Around this time last year, we were invited to visit the budding coral farms that RVS 4-Star Mariculture is developing in the Philippines. Several sites are planned for future coral farming efforts in the Philippines, and we managed to visit the beautiful island of Lubang in the Mindoro Province, one of the western most points in the center of the country.
While a huge number of reef fish are exported from the Philippines for marine aquariums, harvest and export of wild corals is strictly forbidden. So despite our huge selection of corals from many countries in the aquarium hobby, our first hand experience with Filipino corals is close to zero – we simply don’t know very much about aquarium corals from this part of the world.
This beautiful island actually was protected for decades by a Japanese soldier who inhabited the mountain and surrounding hills long after WWII ended, preventing the complete development of the island into farmland. This fortuitous series of events had the unintended consequence of preventing clearing of the forest, and so there was very little degradation of surrounding corals due to runoff, sedimentation, and the reefs we visited were in absolutely pristine condition.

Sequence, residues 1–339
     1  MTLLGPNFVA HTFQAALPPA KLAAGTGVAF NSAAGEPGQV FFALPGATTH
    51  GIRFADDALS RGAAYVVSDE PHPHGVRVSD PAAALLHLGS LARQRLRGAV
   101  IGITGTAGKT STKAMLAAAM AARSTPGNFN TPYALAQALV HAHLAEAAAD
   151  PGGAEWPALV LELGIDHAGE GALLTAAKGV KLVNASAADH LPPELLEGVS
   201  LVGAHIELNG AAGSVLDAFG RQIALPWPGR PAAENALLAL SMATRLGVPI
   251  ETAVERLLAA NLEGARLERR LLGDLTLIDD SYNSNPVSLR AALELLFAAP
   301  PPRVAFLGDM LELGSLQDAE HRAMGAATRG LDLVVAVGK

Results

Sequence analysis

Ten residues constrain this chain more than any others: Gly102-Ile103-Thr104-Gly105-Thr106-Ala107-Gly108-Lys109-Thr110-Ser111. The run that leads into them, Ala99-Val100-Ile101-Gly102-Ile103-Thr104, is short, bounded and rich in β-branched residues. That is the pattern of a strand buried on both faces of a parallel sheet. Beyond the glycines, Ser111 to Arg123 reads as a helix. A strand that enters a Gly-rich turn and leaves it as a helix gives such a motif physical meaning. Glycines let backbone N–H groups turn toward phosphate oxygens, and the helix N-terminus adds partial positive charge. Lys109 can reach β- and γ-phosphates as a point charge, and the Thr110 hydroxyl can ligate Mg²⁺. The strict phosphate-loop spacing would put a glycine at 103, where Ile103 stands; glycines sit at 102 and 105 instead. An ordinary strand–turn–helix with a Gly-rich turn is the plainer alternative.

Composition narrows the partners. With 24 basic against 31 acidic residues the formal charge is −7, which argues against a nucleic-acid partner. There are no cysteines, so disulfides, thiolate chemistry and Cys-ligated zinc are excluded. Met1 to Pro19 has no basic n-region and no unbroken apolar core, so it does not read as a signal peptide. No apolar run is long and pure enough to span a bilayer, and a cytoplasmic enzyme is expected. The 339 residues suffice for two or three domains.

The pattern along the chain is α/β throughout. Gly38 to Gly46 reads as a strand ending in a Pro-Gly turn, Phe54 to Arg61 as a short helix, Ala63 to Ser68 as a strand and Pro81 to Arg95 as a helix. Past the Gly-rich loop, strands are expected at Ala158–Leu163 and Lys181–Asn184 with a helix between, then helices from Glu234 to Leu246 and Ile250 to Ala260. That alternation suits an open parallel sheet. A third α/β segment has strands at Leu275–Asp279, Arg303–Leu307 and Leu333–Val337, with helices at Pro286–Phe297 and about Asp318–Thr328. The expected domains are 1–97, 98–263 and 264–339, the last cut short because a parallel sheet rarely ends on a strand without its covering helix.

Since our knowledge of corals via the aquarium hobby is so Indo-centric, much like the first time we dove in the Marshall Islands, exploring the reefs of the Philippines was like one long episode of wonder and discovery. It’s one thing to know that you are close to the epicenter of underwater and especially coral biodiversity, but it still took our breath away to see such a wide range of exotic soft and stony corals.
We already featured many of the most noteworthy coral species which we observed in Lubang, including Acropora globiceps, Acropora monticulosa, and a massive migrating school of small surgeonfish which altered the reefscape with their sheer numbers. This post is to share with you a small sample of the diversity of corals we encountered on this trip, including many unique deepwater Acros and an impressively huge diversity of soft corals.
Hopefully it will only be a matter of time until farmed corals are exported from the Philippines, bringing much needed awareness of corals from this part of the world while also providing a source of sustainable income to coastal residents.